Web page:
• Edit the following appender section lines in the logback file. Note: that "insert cluster name" means that you should actually enter the cluster name.
    • <file>/mapr/<insert cluster name here>/user/mapr/drill/logs/drillbit_${HOSTNAME}.log</file>
    • <fileNamePattern>/mapr/<insert cluster name here>/user/mapr/drill/logs/drillbit_${HOSTNAME}.log.%i</fileNamePattern>
  • Restart all Drill nodes (Drillbits) in the cluster.


Example logback.xml section:


  <appender name="FILE" class="ch.qos.logback.core.rolling.RollingFileAppender">
     <rollingPolicy class="ch.qos.logback.core.rolling.FixedWindowRollingPolicy">

     <triggeringPolicy class="ch.qos.logback.core.rolling.SizeBasedTriggeringPolicy">
       <pattern>%date{ISO8601} [%thread] %-5level %logger{36} - %msg%n</pattern>


1.3 Manage Archival and Retention of Profile and Log Files

After configuring the profile and log files to be stored centrally on MapR-FS, it is important to consider the retention and archival policies.


Log Files

The log files by default will create a rolling file policy of up to 10 log files, each being 100MB for each Drillbit in the cluster. This amount can be increased by setting the file size larger or smaller as well as increasing or decreasing the number of log files in the logback.xml file, mentioned in section 1.2. Simply alter the maxIndex and maxFileSize values for all Drillbit logback.xml files and restart the Drillbits.


Query Profile Files

The query profiles may be best to archive for future analysis and auditing purposes. Pending the activity of the cluster, it may be best to archive the profiles on a daily basis. Keep in mind that when the files are moved from the profile location, they will no longer be visible in the Drill WebUI profile page, but still will be available for the system administrator in MapR-FS. This step will speed up the view in the WebUI for the latest queries that were run but require MapR-FS access for archived queries.


It is recommended that the profiles be stored in a date-based subdirectory structure, as it will allow analysis with Drill (or other tools) of the JSON file and the ability to prune directories based on date.


Below is a simple Linux script that utilizes the MapR NFS loopback to move files from the default profile location to an archived subdirectory location in the profiles directory on MapR-FS.


# create new sub directory with structure /yyyy/mm/dd for files
   year=$(date +"%Y")
   month=$(date +"%m")
   day=$(date +"%d")
   mkdir -p ./profiles/${newdir}
# move files from base directory to structured archival sub directory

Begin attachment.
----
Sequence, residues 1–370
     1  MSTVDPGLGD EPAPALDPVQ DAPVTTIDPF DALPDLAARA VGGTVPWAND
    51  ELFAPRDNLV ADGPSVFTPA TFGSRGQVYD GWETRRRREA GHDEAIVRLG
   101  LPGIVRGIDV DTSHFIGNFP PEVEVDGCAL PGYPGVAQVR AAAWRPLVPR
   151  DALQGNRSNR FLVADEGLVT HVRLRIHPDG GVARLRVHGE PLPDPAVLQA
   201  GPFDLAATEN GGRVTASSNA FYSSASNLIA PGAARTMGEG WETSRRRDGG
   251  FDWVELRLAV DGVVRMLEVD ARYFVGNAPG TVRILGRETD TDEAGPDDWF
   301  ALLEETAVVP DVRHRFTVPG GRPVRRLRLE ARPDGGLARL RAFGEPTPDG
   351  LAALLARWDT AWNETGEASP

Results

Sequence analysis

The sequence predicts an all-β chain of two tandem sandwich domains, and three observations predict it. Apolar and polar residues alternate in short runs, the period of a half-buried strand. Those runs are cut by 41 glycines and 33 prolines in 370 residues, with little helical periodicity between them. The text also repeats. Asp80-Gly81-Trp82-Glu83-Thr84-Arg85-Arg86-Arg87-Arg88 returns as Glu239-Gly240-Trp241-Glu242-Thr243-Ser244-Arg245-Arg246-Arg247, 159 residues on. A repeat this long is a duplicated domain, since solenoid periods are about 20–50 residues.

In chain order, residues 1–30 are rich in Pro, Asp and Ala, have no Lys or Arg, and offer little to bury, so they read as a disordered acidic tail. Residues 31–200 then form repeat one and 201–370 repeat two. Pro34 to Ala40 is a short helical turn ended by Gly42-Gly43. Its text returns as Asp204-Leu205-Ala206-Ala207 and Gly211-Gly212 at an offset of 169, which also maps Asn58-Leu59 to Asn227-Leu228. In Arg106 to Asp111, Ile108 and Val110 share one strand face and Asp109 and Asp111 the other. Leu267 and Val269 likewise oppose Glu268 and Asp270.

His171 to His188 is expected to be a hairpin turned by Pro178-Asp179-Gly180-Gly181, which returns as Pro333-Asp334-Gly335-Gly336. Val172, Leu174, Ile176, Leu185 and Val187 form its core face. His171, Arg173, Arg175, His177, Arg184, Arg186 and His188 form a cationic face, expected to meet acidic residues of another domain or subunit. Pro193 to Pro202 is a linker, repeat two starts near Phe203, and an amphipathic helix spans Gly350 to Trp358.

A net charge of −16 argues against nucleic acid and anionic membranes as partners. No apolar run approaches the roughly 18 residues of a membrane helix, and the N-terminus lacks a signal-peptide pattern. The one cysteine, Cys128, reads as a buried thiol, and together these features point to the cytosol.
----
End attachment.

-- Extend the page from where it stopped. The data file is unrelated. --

for file in $(find ./profiles -maxdepth 1 -name *.drill)
   mv ${file} ./profiles/${newdir}/${newfile}


2 - Drill Spill Locations

Drill can spill data to disk when operators exceed the Drill memory available on nodes. Drill by default will use the local host filesystem /tmp as the spill location, which is limited in space and often performance.


By creating and using MapR-FS local volume on each node (that is not replicated to other nodes), the Drill spill to disk operation has a larger storage space available and also better performance, since typically a MapR cluster node will have more storage devices mapped to a local volume, compared to the local OS /tmp space. To utilize these benefits on MapR-FS for Drill spill data, follow these steps.


2.1 Create Local MapR-FS Volumes for Drill Spill Data

Either create MapR-FS local volume on each node with replication 1 manually or utilize the script below that will check if drill spill volumes are on nodes, and then create them, if not. Please modify the script as needed for the cluster environment.


for node in $(maprcli node list -columns hn|awk  {'print $1'} | grep -v hostname);do

  volumetest="$(maprcli volume list -filter [p=="/var/mapr/local/${node}/drillspill"] -output terse| awk '/a/{++cnt} END {print cnt}')"
#   echo $volumetest

if [ $volumetest > 0 ]; then
 echo " volume exists: /var/mapr/local/${node}/drillspill"

 echo " volume doesn't exist: /var/mapr/local/${node}/drillspill"
 echo " creating volume: /var/mapr/local/${node}/drillspill"

 maprcli volume create \
 -name mapr.${node}.local.drillspill \
 -path /var/mapr/local/${node}/drillspill \
 -replication 1 \
 -localvolumehost ${node}



2.2 Configure Drill on the Nodes to Utilize the Local Volumes for Spill

Use the same steps as in section one to update the Drill configuration files in a cluster.

Edit the, and add the following lines to the bottom.


node=$(maprcli node list -columns hn|awk  {'print $1'} | grep -v hostname)
export drill_spilloc=$spilloc"

Edit the drill-override.conf file and add these lines.
sort.external.spill.directories: [ ${drill_spilloc} ],
sort.external.spill.fs: "maprfs:///",


Restart all the Drill nodes (Drillbits) in the cluster.

3 - Drill Resource Configuration on a MapR Cluster

The MapR Converged Data Platform is designed to support multiple workloads, of which Drill is one, on the same cluster.


3.1 MapR Topology and Drill Nodes in the Cluster

MapR provides the ability to configure a cluster in topologies for nodes and volumes. This means that Drill can be configured on either all the nodes in a cluster or only certain node topologies. MapR similarly supports Volume Topologies for Data. In most cases, it is recommended to deploy Drill on all the nodes where the Data Volumes are located that Drill will need to access.